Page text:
Business Cape Breton Part II: None of Your Business

Business Cape Breton (BCB) CEO Eileen Lannon Oldford left a special meeting of the CBRM council on 8 June 2016 in triumph—council had not only agreed that the CBRM should declare BCB its economic development arm, it had awarded the group a $115,000* “sustainability” grant to hang baskets of flowers throughout the municipality this summer.

Never mind that BCB does not qualify for sustainability grants, as CBRM Chief Financial Officer Marie Walsh pointed out just before council awarded the grant (it happens here at the 53.28 mark), rules are for little people, not for organizations so dear to the mayor’s heart they can get away with bringing a Vision Board to council in place of an actual business report:


Business Cape Breton Municipal Report 2013-2016


“Projected Job Potential” is an amazing stat — not one but two steps removed from “Actual Jobs.”

The Municipal Report, was accompanied by a Municipal Retention Report. It seems to be (and here I’m guessing because, as you will see below, I have been bugging BCB for a couple of weeks now and they’ve stopped answering my emails) a chart showing that of the original 108 companies listed, 99 are still extant, meaning, nine have folded. As the companies were unnamed, I had no idea which had succeeded and which failed — the Nova Scotia Registry of Joint Stock Companies does not allow you to search for “Company #1 in Inverness.”

On the other hand, if you are a fan of numbers, there are some really nice ones here — although none of them, oddly, is a date:




Strictly Confidential

The majority of CBRM’s councilors apparently like numbers, because they accepted these charts as evidence that the municipality should leave the Regional Enterprise Network (which also included Victoria, Inverness and Richmond Counties) and strike out on its own with BCB as its dedicated economic development arm. I, on the other hand, felt a little more detail would be helpful, so I sent BCB a few questions about the businesses listed in those charts — questions like, what kind of businesses are these? Who owns them? What kind of assistance did BCB provide them? Here is the first answer I received:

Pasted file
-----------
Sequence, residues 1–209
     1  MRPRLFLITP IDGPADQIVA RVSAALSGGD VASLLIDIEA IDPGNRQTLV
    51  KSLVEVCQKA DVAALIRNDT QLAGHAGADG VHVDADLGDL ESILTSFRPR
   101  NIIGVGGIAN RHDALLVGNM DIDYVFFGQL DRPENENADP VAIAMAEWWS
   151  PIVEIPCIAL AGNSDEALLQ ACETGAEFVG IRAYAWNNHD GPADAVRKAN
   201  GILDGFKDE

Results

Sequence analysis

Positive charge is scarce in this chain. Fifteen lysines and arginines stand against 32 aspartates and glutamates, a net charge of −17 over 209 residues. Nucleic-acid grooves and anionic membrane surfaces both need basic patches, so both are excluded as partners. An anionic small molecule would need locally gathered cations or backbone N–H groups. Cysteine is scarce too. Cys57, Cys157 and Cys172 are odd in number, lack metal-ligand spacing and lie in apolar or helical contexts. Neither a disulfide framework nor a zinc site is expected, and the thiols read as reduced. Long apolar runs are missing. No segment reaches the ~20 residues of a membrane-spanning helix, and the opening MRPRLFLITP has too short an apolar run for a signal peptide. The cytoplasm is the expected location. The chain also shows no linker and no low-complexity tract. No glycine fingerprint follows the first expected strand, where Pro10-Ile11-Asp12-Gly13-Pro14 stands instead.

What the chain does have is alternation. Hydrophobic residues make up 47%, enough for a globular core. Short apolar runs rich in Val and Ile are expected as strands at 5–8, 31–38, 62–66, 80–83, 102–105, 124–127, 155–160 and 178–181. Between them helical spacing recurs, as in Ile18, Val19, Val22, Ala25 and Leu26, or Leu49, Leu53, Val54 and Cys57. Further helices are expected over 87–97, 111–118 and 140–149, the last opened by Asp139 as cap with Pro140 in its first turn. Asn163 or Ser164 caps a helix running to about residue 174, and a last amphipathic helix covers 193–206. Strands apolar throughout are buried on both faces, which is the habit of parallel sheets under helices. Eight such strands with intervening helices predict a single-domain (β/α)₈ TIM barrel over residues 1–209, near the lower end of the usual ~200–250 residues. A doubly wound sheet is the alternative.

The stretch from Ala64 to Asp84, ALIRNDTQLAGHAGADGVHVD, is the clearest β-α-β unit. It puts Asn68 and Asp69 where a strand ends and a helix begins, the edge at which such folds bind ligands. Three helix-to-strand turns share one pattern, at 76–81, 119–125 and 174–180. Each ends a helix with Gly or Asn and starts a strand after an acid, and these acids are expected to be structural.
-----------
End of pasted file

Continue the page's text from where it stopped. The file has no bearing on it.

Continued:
I was bemused.

Does the Personal Information and Electronic Documents Act (PIPEDA) act apply to Business Cape Breton, a non-profit organization? I emailed the Office of the Privacy Commissioner of Canada to inquire, and was told the following things:

The Personal Information Protection and Electronic Documents Act (PIPEDA) applies to organizations that collect, use or disclose personal information in the course of a commercial activity.

Most non-profits are not subject to the Act because they do not engage in commercial activities.

Federal privacy law, whether it’s PIPEDA, which covers most businesses, or the Privacy Act, which covers the federal government, applies to personal information, not business information.

The Canadian Standards Association Model Code is a component of PIPEDA and also applies to personal, not business, information. Having ascertained this (and because I am deeply annoying), I wrote BCB again asking for further clarification of its privacy rules, given it does not engage in commercial activities and the information I was asking for was business, not personal. I received this answer:

On behalf of BCB CEO, Eileen Lannon Oldford –  

Ms. Campbell –

BCB receives funding from ACOA and the island’s municipal units for its Small Business Development Program. BCB does not provide any financial assistance to any of its clients. Our Small Business Development Program provides services to business or potential businesses on Cape Breton Island by providing support for the successful creation, operation, and growth of small business with business counselling, business plan development, business skills training, and entrepreneurship awareness. BCB’s privacy policy respects the privacy of our clients and only releases information with their consent. Some of our clients have given their consent to be used in BCB marketing materials and they can be found on our website here: